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Bush Gives Geneva Protections To Terrorists

From a gleeful Associated Press:

U.S. will give detainees Geneva rights

By ANNE PLUMMER FLAHERTY, Associated Press Writer

WASHINGTON – The Bush administration said Tuesday that all detainees held at Guantanamo Bay, Cuba, and in U.S. military custody everywhere are entitled to protections under the Geneva Conventions.

White House spokesman Tony Snow said the policy, outlined in a new Defense Department memo, reflects the recent 5-3 Supreme Court decision blocking military tribunals set up by President Bush. That decision struck down the tribunals because they did not obey international law and had not been authorized by Congress.

The policy, described in a memo by Deputy Defense Secretary Gordon England, appears to reverse the administration’s earlier insistence that the detainees are not prisoners of war and thus not subject to the Geneva protections. But the administration has insisted that it has always treated the detainees humanely.

Word of the Bush administration’s new stance came as the Senate Judiciary Committee opened hearings Tuesday on the politically charged issue of how detainees should be tried.

"We’re not going to give the Department of Defense a blank check," Republican Sen. Arlen Specter of Pennsylvania, the committee chairman, told the hearing.

Sen. Patrick Leahy of Vermont, the committee’s top Democrat, said "kangaroo court procedures" must be changed and any military commissions "should not be set up as a sham. They should be consistent with a high standard of American justice, worth protecting."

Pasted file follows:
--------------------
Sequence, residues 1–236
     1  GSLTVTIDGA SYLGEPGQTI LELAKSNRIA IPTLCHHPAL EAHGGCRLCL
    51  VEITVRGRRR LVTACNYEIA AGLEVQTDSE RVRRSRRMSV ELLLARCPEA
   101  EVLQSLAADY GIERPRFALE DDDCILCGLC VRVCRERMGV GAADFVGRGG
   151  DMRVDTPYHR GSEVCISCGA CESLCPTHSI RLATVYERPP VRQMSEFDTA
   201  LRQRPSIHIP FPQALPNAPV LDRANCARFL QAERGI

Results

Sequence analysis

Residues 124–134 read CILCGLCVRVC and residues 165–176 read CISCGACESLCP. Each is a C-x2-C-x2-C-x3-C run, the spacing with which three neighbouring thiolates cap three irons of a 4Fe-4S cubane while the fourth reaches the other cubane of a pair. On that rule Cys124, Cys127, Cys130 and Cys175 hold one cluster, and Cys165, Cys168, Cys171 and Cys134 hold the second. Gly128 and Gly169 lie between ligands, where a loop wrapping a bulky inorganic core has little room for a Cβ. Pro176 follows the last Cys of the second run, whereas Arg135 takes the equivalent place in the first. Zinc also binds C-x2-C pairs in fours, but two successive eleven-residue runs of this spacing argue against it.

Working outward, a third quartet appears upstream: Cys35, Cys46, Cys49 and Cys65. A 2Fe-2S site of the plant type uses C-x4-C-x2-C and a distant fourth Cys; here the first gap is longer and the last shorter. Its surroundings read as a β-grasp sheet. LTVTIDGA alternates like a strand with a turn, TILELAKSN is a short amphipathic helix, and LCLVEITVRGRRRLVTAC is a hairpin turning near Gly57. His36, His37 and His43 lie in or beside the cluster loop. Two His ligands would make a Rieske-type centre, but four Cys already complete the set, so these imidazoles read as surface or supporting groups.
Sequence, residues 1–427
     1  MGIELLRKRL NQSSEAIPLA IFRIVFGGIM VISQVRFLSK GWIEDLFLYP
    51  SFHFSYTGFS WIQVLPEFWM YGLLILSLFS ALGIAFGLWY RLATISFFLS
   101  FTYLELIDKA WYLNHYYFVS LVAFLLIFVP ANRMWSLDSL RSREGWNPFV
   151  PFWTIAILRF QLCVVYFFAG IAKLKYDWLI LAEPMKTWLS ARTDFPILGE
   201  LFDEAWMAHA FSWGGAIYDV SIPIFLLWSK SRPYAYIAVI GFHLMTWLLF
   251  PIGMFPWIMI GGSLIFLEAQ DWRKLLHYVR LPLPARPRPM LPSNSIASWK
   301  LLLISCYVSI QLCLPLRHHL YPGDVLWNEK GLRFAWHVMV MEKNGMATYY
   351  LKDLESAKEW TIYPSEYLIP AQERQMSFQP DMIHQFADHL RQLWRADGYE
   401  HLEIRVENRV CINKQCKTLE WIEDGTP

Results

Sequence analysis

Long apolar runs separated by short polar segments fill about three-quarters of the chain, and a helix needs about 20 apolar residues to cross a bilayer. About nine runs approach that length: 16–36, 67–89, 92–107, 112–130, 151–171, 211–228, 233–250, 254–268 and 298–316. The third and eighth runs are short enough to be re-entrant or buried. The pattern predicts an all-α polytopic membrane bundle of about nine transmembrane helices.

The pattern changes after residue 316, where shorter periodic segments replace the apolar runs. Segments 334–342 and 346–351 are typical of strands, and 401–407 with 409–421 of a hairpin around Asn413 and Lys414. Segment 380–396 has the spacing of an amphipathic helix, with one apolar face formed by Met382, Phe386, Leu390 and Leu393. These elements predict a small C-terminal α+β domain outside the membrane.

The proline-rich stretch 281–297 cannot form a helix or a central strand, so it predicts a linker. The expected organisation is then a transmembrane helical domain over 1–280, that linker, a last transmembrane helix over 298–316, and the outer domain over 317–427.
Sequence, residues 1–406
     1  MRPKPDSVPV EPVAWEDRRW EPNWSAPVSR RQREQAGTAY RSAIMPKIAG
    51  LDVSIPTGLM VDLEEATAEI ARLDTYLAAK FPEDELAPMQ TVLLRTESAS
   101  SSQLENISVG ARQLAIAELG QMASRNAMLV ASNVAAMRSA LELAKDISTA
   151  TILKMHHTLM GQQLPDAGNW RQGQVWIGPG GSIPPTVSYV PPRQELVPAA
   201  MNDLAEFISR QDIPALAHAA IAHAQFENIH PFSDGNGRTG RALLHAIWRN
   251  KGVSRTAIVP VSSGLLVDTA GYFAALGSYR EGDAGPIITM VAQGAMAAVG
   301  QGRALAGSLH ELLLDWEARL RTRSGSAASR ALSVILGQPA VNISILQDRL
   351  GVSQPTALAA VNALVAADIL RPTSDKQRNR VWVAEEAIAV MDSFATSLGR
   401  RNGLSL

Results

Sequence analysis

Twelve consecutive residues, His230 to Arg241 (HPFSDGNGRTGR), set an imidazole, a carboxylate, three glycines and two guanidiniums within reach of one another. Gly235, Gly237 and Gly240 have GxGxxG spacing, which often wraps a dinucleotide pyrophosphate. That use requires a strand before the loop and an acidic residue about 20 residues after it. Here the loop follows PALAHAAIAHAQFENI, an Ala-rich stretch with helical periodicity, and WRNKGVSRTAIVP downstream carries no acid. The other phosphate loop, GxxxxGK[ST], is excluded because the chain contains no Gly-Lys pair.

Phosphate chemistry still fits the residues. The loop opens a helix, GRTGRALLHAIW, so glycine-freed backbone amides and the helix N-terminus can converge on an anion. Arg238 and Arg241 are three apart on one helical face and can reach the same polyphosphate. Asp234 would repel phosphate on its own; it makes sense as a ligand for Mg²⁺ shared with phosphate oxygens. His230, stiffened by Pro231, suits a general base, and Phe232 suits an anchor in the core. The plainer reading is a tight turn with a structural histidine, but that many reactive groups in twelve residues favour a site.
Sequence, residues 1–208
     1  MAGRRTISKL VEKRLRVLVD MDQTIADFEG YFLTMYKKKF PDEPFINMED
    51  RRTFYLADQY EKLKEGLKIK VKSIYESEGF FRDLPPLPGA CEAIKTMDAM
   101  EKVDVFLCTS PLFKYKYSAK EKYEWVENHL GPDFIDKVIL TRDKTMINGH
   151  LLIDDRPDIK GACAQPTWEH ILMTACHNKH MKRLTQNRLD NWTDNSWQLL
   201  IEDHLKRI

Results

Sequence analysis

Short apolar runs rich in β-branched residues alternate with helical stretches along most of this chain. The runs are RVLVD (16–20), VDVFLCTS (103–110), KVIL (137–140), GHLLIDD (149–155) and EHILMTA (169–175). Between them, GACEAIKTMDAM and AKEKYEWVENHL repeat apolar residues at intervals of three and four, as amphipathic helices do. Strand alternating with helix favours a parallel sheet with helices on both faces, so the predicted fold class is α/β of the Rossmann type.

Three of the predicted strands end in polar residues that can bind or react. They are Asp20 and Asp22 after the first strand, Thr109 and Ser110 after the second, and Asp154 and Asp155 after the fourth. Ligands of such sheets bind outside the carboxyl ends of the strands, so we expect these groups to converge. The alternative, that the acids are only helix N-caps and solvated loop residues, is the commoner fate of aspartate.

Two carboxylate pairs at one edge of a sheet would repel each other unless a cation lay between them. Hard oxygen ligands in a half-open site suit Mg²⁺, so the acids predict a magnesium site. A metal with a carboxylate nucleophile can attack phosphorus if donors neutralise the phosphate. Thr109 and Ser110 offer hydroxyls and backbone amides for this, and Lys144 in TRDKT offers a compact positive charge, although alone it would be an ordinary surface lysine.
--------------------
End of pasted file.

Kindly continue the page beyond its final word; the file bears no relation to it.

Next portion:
Snow insisted that all U.S. detainees have been treated humanely. Still, he said, "We want to get it right."

"It’s not really a reversal of policy," Snow asserted, calling the Supreme Court decision "complex."

Steven Bradbury, acting assistant attorney general of the Justice Department’s Office of Legal Counsel, told the Senate hearing that the Bush administration would abide by the Supreme Court’s ruling that a provision of the Geneva Conventions applies.

But he acknowledged that the provision — which requires humane treatment of captured combatants and requires trials with judicial guarantees "recognized as indispensable by civilized people" — is ambiguous and would be hard to interpret.

"The application of common Article 3 will create a degree of uncertainty for those who fight to defend us from terrorist attack," Bradbury said.

Snow said efforts to spell out more clearly the rights of detainees does not change the president’s determination to work with Congress to enable the administration to proceed with the military tribunals, or commissions. The goal is "to find a way to properly do this in a way consistent with national security," Snow said.

Snow said that the instruction manuals used by the Department of Defense already comply with the humane-treatment provisions of Article 3 of the Geneva Conventions. They are currently being updated to reflect legislation passed by Congress and sponsored by Sen. John McCain, R-Ariz., to more expressly rule out torture.